Time saving aside, is up to 19 hours 30 minutes in a jet humanly possible? Not surprisingly both Airbus and Boeing claim it is. In the Airbus A340-500 which is being deposed by the Worldliner in the range stakes, Singapore Airlines has the most spacious economy class seats of all, as well as sleeper suites in business class.
The A340-500 is even fitted with a single occupancy "morgue" so that in the event of a passenger dying in their seat, they can be discretely removed for the remainder of the flight.
Boeing is not saying if it will offer the morgue option but claims it will have even roomier seats in all classes from economy to first.
It has even put the crew rest bunks in a hidden compartment in the ceiling so that airlines keep more of their seats for sale rather than occupied by a double complement of pilots and relief shifts of cabin attendants.
The Worldliners are also designed for wireless broadband satellite Internet access, another way to deal with boredom, or to keep in touch with head office.
And while Airbus devised a "morgue for one" to avoid one source of unplanned landings, Boeing has applied itself to the toilets. They have been specially designed and tested to withstand the challenges of working perfectly for however long it takes.
FORCED LABOR: Customs officials have seized a 11.8 tonne shipment of products made from human hair on suspicion they were produced by people facing human rights abuses Federal authorities in New York City on Wednesday seized a shipment of weaves and other beauty accessories suspected to be made out of human hair taken from people locked inside a Chinese internment camp. US Customs and Border Protection (CPB) officials said that 11.8 tonnes of hair products worth an estimated US$800,000 were in the shipment. “The production of these goods constitutes a very serious human rights violation, and the detention order is intended to send a clear and direct message to all entities seeking to do business with the United States that illicit and inhumane practices will not be tolerated in
JUST QUESTIONS: Expelled reporter Ai Kezhu said that every member of Southeast Television had complied with the law and had not appeared on any talk shows Two Chinese reporters yesterday left Taiwan after the government revoked their accreditation and ordered them to leave amid a probe into allegations that several Chinese media outlets have set up studios and produced political talk shows in Taiwan. The two reporters — Ai Kezhu (艾珂竹) and Lu Qiang (盧薔) — worked for Fujian Province-based Southeast Television and arrived in Taiwan in December last year. The Mainland Affairs Council has launched an investigation after local media reported that Chinese broadcasters — including China Central Television, Southeast Television and FJTV — had set up studios in Taipei and produced political talk shows. Council Deputy Minister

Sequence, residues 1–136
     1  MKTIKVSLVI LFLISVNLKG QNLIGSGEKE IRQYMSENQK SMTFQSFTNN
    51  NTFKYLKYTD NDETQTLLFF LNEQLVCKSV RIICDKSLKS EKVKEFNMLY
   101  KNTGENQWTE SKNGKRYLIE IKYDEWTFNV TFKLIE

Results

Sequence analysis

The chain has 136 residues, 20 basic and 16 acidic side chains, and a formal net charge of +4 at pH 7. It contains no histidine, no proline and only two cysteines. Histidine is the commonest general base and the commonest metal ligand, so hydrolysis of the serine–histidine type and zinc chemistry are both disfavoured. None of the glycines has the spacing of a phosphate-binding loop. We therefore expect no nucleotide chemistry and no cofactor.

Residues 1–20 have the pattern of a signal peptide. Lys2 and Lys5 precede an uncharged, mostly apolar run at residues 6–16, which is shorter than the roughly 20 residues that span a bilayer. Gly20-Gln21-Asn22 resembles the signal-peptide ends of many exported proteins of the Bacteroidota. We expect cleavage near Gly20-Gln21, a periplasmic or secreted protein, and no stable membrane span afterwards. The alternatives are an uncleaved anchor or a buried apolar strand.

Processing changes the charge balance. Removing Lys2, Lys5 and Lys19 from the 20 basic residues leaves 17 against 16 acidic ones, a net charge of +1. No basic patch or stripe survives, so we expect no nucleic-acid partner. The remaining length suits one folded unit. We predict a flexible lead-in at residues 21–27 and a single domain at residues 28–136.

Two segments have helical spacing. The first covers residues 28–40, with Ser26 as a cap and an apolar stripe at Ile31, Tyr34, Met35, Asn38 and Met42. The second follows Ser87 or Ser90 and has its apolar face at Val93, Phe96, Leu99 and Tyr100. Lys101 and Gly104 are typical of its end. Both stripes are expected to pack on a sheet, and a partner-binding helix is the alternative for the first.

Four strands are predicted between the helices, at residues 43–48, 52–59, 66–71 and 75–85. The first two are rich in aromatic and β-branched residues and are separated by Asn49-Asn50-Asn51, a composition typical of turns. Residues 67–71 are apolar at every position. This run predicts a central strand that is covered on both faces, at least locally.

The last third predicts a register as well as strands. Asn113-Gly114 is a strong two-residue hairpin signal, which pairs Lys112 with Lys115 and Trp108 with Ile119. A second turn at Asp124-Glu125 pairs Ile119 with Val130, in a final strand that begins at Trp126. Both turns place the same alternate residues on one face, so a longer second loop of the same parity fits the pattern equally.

UPTICK IN NUMBERS: The Taipei deputy mayor said the city has services to assist new immigrants, but has established an office specifically to help those from Hong Kong The Taiwan-Hong Kong Services and Exchanges Office today officially opens, where it is to provide humanitarian assistance to Hong Kongers, after Beijing yesterday passed a controversial national security law for the territory. President Tsai Ing-wen (蔡英文) expressed dismay over China’s passage of the law, saying that Beijing has broken its pledge to allow Hong Kong to maintain a high degree of autonomy for at least 50 years following its handover from the UK. “I feel extremely disappointed [about the law’s passage], which means China did not keep its promise to Hong Kong,” Tsai said in Taipei. Beijing’s “broken promise” also
‘SIGNAL TO ALLIES’: The US Navy’s exercises are not in response to those carried out by China, the commander of the strike group led by the USS ‘Ronald Reagan’ said Two US aircraft carriers were yesterday conducting exercises in the disputed South China Sea, the US Navy said as China also carried out military drills that have been criticized by the US Department of Defense and neighboring states. China and the US have accused each other of stoking tension in the waterway at a time of strained relations over everything from COVID-19 to trade to Hong Kong. The USS Nimitz and USS Ronald Reagan were carrying out operations and exercises in the South China Sea “to support a free and open Indo-Pacific,” the navy said in a statement. It did not say exactly